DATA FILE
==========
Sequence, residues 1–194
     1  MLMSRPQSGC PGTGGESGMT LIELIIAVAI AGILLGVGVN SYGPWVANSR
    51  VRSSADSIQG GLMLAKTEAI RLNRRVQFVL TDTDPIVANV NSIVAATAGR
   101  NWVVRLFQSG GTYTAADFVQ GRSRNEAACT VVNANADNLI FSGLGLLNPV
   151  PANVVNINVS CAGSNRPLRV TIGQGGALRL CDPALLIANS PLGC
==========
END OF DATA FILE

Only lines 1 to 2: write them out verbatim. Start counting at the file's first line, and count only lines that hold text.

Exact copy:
Sequence, residues 1–194
     1  MLMSRPQSGC PGTGGESGMT LIELIIAVAI AGILLGVGVN SYGPWVANSR